Begin typing your search above and press return to search.
More support for an independent Palestine
access_time 24 May 2024 12:02 PM GMT
When toxins flow through Periyar once again
access_time 23 May 2024 5:34 AM GMT
Eight years balance sheet of LDF government
access_time 22 May 2024 4:58 AM GMT
Ebrahim Raisi
access_time 21 May 2024 5:20 AM GMT
Chabahar Port
access_time 20 May 2024 4:00 AM GMT
What is the remedy for this negligence?
access_time 18 May 2024 12:07 PM GMT
Schools breeding hatred
access_time 14 Sep 2023 10:37 AM GMT
access_time 16 Aug 2023 5:46 AM GMT
Ramadan: Its essence and lessons
access_time 13 March 2024 9:24 AM GMT
Homechevron_rightOpinionchevron_rightEditorialchevron_rightA national fiasco that...

A national fiasco that could have been avoided

A national fiasco that could have been avoided

National awards have always been controversial.

However, the disputes over deciding on the film awards were less this time. The award ceremony could have hence been made a prestigious affair. But the event turned a lack lustre one. The incidents were such that the Minister and the authorities who organised the function seemed bent upon raking up a controversy. The film awards ceremony which has been taking place smoothly for the past 65 years without any major complaints has led to a huge protest and disheartenment this year. What kickstarted a protest was a change in the program schedule in such a way that President of India Ram Nath Kovind would present awards only to eleven out of the total 140 winners while Information and Broadcasting Minister Smriti Irani and Minister of State, Information and Broadcasting Rajyavardhan Singh Rathore would give away the awards to the remaining winners. Until last year, the President handed over the national film awards in all categories to the winners. The change in the program was a jolt to the filmmakers and artists who came to Delhi with much elation from different states across the country along with their families to receive the honour from the President. As collectively stated in their letter, the ceremony in Delhi felt like dejection rather than an honour for those who proved their talent in the field of film-making. When they came to know of change in program a day before the award ceremony, the filmmakers and artists expressed their disappointment and shared it with the I&B Minister Smriti Irani. However, with the authorities firm in their stance, about 70 awardees decided to boycott the award ceremony. A national event that should have been held smoothly and jubilantly thus turned topsy-turvy.

President Kovind has reportedly decided to allot only one hour to such programs because of his busy schedule. Minister Smriti Irani has also said that she could not make a change of schedule for thePresident. However, many have brushed aside this claim of hers. Also, question arises as to why the awardees were not informed beforehand if the President had informed earlier that he could allot only an hour for the event. The 65th National Film Awards were announced on April 13. In the invitation letters sent to the winners, it was stated that the awards would be presented by the President of India. It was amidst the rehearsals ahead of the ceremony that the awardees who reached Delhi with much elation came to know that it was not the President who would be handing over all the awards. Chaitanya Prasad, additional director general of the Directorate of Film Festivals, had initially informed the winners that the presentation of the awards would be held in two phases. Following this, it was only after they received the program schedule that the winners realized how big the change in plans was.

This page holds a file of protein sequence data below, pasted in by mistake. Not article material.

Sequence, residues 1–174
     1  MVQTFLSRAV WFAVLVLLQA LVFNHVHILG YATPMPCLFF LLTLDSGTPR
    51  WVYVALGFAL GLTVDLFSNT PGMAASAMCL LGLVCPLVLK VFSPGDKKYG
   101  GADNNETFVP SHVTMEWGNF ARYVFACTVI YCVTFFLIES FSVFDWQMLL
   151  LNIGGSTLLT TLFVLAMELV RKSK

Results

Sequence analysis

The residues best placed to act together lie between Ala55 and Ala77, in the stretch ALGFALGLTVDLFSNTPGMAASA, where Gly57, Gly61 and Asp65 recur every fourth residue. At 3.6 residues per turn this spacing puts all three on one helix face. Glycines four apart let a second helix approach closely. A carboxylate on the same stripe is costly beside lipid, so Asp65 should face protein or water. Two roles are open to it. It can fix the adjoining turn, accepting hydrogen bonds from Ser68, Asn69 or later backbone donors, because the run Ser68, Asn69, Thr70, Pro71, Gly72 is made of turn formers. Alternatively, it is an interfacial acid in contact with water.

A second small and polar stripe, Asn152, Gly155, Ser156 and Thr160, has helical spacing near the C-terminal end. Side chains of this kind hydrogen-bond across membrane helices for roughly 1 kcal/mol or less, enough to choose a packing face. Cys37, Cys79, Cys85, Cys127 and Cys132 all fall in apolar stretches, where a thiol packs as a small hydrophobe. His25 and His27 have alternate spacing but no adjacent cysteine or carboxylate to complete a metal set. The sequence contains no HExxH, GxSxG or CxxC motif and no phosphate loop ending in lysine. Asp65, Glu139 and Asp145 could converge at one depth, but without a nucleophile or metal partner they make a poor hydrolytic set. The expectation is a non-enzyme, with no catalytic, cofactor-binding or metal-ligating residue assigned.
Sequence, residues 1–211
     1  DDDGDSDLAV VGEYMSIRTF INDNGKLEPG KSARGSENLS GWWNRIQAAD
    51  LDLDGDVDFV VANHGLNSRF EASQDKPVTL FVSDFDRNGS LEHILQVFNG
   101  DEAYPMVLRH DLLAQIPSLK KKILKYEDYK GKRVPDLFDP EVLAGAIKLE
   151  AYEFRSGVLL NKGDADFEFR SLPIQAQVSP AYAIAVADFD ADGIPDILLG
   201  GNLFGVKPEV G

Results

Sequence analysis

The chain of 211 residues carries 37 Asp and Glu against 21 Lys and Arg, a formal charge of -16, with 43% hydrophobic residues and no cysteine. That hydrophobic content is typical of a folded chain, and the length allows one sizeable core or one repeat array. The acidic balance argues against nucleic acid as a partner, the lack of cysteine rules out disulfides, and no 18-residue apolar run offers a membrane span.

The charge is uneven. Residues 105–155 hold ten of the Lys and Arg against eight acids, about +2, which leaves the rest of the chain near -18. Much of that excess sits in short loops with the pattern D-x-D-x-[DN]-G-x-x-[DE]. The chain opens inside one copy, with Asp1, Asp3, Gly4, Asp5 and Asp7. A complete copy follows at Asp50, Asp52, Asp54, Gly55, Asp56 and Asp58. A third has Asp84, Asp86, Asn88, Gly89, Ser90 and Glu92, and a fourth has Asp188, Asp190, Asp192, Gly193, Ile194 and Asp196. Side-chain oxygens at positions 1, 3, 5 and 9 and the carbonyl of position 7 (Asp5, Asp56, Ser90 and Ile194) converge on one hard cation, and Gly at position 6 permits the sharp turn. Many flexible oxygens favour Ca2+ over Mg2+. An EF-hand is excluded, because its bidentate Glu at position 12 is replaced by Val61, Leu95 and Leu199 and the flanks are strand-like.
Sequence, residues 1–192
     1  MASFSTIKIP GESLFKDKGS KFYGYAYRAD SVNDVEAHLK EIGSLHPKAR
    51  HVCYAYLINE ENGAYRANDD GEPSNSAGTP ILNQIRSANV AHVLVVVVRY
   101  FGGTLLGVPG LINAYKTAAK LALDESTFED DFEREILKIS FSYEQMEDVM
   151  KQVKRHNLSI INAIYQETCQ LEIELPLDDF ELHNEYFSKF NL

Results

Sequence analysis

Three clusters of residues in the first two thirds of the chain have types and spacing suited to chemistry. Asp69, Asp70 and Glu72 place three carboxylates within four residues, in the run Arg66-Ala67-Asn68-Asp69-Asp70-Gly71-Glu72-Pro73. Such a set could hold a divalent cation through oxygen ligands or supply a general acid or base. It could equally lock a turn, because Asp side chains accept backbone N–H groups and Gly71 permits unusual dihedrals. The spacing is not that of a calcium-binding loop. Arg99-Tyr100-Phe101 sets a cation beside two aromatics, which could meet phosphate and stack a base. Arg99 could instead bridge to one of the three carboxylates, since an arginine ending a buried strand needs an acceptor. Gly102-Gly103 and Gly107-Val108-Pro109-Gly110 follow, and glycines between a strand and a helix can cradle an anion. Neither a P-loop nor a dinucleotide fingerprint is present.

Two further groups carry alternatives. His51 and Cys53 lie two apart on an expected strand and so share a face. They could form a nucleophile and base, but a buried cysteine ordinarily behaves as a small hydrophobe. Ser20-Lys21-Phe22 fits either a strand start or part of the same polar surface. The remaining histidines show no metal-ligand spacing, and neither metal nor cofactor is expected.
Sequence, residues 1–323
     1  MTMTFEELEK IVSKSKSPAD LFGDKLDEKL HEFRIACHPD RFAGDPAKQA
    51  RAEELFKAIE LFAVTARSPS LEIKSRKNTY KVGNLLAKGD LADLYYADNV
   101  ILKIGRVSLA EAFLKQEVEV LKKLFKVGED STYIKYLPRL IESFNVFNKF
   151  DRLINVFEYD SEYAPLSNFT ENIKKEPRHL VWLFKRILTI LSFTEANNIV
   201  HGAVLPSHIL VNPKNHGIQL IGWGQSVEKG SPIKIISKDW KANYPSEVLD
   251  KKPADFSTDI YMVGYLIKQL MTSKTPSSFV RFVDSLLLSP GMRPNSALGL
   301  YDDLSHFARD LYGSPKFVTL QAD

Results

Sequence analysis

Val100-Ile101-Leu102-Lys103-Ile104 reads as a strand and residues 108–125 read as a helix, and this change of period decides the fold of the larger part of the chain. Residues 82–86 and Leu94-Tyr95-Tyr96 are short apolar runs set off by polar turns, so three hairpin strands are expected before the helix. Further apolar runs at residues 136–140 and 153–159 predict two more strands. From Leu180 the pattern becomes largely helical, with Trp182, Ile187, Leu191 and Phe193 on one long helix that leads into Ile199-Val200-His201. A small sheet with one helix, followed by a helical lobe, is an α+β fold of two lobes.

I&B Minister Smriti Irani who had agreed to intervene in the matter and resolve the issue when the controversy erupted, did not respond later. What was the need for this hide-and-seek? The awardees might have called it a ‘breach of trust’ due to their immense disheartenment. As a few said, it was the hope that they could receive their awards directly from the President which brought them to Delhi. Else, the prizes could have been sent home via post. There is also much dearth of clarity on the decision as to whom the eleven winners are, who are to receive the awards from the President. The authorities have sabotaged a pristine national ceremony which involved the country’s first citizen. We could not help but say that even the Rashtrapati Bhavan has made a flaw in this matter. The former Presidents even in their poor health had shown the zeal to honour the citizens who excelled at the national level.

Rashtrapati Bhavan clarifies that the ‘protocol’ since the President took office was that he would attend all functions only for one hour. Has the other ‘protocol’ of directly honouring those who have been invited on his behalf become outdated? Isn’t the fact that the Rashtrapati Bhavan being unaware of the fact that the invitation letters sent in name of the President misled the invitees, also a violation of ‘protocol’? One thing is certain; there has not been any flaw on part of the awardees. They blindly believed the invitation sent on behalf of the first citizen. And therefore, the decision taken by the majority of the winners to boycott the award ceremony cannot be blamed. They had repeatedly made clear that they do not intend to boycott the award but they are not attending the ceremony as they are left with no option. Some of the winners have expressed solidarity with those who have been ‘'discarded' and have signed the letter showing their decision to boycott the function. However, the act of a few of them despite signing the latter later receiving the awards forgetting their word, have also been noted. They have their own reasons. But the nation realizes this flaw, which could have been avoided, with much sorrow; with fury as well.

Show Full Article
Next Story